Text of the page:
Where fiction most impressively surpasses film and makes you understand why Henry Miller said the novel was “even better” than the movie is in the love story between the piano player and the waitress. In the film Lena is played by Marie Dubois, whose charming wholesome beauty and lovely smile make it a foregone conclusion that Aznavour’s Eddie would be instantly infatuated. Gaddis’s depiction of the awkward evolution of a deeply felt relationship is so tensely and determinedly understated that it takes on a force greater than all the violence in a violent book. Dubois’s youthful charm is no match for the presence and power of Gaddis’s waitress. This is why the end of Down There has an emotional impact beyond anything in the film. After seeing the woman he was afraid to fall in love with shot dead in the snow, the piano player goes back to the refuge he found after his fall from concert hall glory, a dockside dive called Harriet’s Hut, where Lena worked. One way he tries to resist loving her is to think of her not by name but as “the waitress” right up to the moment of her death — “down there” in South Jersey.
“Less is more” is the line Gaddis follows from the cold wind of the opening paragraph to the deliverance of the conclusion, with Goodis, like a pianist himself, at his own keyboard. People in the bar are urging him to play, they all but lift him onto the stool, but he’s “got nothing to give them,” until a whisper comes “from somewhere” telling him he can try. When, with eyes closed, he hears the sound, “warm and sweet,” coming from a piano, he thinks, “That’s a fine piano …. Who’s playing that?” And as the story ends: “He opened his eyes. He saw his fingers caressing the keyboard.”
Earlier, when he heard jazz coming over a car radio, the piano player said something similar to himself, “That’s very fine piano … I think that’s Bud Powell.” It’s said that during his year and a half confinement at Creedmore after the Philadelphia attack, Bud Powell drew a keyboard on the wall of his cell, so he could open his eyes and see it there and imagine his fingers moving on the keys.
The Writer as the Player
The cover of La vie en noir et blanc, the biography of David Goodis by Philippe Garnier (Editions de Seuil 1984), has a photograph of Goodis at the piano, a cigarette in his mouth. After reading his way through Goodis’s dark world, Garnier commented, “I find it very difficult to imagine springtime in Philadelphia.”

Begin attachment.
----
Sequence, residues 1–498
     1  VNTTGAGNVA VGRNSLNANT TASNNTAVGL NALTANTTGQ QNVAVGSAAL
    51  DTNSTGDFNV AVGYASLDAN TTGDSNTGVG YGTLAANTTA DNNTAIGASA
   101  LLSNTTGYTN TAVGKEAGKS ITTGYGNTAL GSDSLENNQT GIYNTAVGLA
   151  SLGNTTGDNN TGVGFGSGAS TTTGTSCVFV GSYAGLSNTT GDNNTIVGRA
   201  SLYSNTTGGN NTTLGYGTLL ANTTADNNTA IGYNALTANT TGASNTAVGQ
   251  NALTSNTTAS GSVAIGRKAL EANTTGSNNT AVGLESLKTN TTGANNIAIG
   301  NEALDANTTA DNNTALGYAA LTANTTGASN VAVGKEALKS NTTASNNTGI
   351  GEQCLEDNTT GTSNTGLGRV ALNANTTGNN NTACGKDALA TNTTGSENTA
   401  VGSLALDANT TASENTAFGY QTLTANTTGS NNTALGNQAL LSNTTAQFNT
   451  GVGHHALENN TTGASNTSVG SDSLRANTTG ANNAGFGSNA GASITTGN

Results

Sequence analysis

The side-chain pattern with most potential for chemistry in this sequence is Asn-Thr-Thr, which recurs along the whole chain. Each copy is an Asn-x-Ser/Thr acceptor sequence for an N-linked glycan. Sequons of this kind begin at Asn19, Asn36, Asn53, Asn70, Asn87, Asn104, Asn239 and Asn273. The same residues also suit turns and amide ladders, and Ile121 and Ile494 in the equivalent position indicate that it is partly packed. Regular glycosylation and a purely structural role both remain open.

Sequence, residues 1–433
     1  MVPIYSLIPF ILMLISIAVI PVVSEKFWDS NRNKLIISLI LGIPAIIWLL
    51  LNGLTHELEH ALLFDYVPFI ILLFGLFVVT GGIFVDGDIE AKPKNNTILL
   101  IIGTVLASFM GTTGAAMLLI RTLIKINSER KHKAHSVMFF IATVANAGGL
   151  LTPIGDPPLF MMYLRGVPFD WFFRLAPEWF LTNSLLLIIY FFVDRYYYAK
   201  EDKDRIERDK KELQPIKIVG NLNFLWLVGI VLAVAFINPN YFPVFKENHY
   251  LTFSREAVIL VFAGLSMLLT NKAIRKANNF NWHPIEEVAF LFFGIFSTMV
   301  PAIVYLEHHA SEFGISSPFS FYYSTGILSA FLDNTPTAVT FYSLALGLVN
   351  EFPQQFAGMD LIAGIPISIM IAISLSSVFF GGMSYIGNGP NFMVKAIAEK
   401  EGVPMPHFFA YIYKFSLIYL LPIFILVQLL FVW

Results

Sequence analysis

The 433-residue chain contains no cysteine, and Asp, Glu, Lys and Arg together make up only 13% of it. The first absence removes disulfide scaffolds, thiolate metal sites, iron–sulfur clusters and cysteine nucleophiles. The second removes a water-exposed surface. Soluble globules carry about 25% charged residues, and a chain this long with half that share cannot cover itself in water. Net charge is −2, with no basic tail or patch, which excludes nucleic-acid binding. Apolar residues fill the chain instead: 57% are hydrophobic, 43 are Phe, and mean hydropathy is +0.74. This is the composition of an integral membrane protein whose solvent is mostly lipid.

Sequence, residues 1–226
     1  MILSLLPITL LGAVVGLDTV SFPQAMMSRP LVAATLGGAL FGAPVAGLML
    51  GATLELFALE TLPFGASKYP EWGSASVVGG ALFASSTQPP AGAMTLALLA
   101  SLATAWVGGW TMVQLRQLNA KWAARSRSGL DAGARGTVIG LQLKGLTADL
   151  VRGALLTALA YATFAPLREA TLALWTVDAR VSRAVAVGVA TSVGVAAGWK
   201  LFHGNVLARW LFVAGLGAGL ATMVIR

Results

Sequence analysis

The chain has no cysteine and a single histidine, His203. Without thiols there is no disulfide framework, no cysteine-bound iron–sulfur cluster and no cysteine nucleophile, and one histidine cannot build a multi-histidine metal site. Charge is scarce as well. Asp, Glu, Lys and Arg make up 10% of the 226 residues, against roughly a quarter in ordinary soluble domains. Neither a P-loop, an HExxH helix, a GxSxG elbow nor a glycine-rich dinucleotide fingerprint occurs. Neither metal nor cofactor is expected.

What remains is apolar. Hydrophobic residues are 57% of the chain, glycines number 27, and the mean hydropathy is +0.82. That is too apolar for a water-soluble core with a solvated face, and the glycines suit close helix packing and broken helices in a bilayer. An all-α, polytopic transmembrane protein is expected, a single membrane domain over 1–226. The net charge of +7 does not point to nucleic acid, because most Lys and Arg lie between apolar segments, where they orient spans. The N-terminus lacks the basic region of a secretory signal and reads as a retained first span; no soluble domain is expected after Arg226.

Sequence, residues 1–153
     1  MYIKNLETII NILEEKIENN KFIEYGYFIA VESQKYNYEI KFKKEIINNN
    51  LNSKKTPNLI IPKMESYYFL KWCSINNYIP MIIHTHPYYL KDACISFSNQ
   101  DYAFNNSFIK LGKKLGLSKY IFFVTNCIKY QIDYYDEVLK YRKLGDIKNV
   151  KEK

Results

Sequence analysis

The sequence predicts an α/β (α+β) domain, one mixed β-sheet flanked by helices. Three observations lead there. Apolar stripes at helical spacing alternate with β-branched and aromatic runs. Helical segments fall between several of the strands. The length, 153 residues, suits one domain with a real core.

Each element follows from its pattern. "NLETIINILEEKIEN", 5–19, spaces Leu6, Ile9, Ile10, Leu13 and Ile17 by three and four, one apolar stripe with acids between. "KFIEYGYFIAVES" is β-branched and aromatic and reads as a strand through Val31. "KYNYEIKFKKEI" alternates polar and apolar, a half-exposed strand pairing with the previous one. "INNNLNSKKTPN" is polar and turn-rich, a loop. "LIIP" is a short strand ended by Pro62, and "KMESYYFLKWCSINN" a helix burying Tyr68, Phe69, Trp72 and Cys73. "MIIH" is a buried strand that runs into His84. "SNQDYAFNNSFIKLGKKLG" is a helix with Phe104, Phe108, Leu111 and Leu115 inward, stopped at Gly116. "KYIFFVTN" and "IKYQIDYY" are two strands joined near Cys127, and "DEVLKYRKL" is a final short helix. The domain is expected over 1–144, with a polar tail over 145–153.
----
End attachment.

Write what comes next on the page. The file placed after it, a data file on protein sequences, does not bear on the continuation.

Julian Rackow, Goodis’s lawyer in the suit he brought against the hit TV series The Fugitive for allegedly stealing ideas from Dark Passage, found it no less difficult to put his impression of Goodis into words, at least until he sawShoot the Piano Player: “Upon leaving the theater, my wife said that I looked as pale as a ghost. I was shaken because it was as if I had seen David Goodis.” Besides observing that the Aznavour character had “many of the personality and physical traits of David Goodis,” Rackow felt that both men were versions of “the quintessential loner.” The piano player was the writer, “all wrapped up tightly within himself … far more comfortable within his own shell.”
Streets Given Meaning
On the same day that began at the emporium behind the ART/BOOKS sign, my son and I drove to a used record store called Sit & Spin on South Ninth in the Italian market, a part of the city I’m not very familiar with and at the time had no desire to know better. On our way, we covered a lot of ground, crossing innumerable four-way-stop intersections of streets that had no particular significance for me.
At home, after discovering a fantastically informative web site called “Shooting Pool with David Goodis,” I learned just how wide a swath of urban territory his novels encompass. Those insignificant street names I’d passed earlier that day were now charged with meaning, fiction and real-life merging in an area the web site calls Goodisville: “The majority of the novels were set in Skid Row, the Delaware River docks, Kensington, Southwark, and Port Richmond. Three of these areas are truly lost to contemporary Philadelphians. Working class Southwark is now Queens Village, most of which is increasingly upscale. Dock Street, overlooking the waterfront and once the center of a sprawling and cacophonous produce market, is now the location of independent film theaters, and of the Society Hill Towers apartments. Skid Row fell to redevelopment plans over 30 years ago; the derelicts, the fleabag hotels, and the Sunday Breakfast Association have long been unlamented.”
The circumstances of David Goodis’s death at 49 in March 1967 have a noirish aspect. While the official cause is given as a “cerebral vascular accident,” the consensus seems to be that it resulted from the beating Goodis suffered while resisting a hold-up attempt.
Down There can be found in the Library of America’s anthology American Noir of the 1950s. Gaddis has a volume all to himself in Five Noir Novels. The 2nd Street emporium is Jules Goldman Books and Antiques.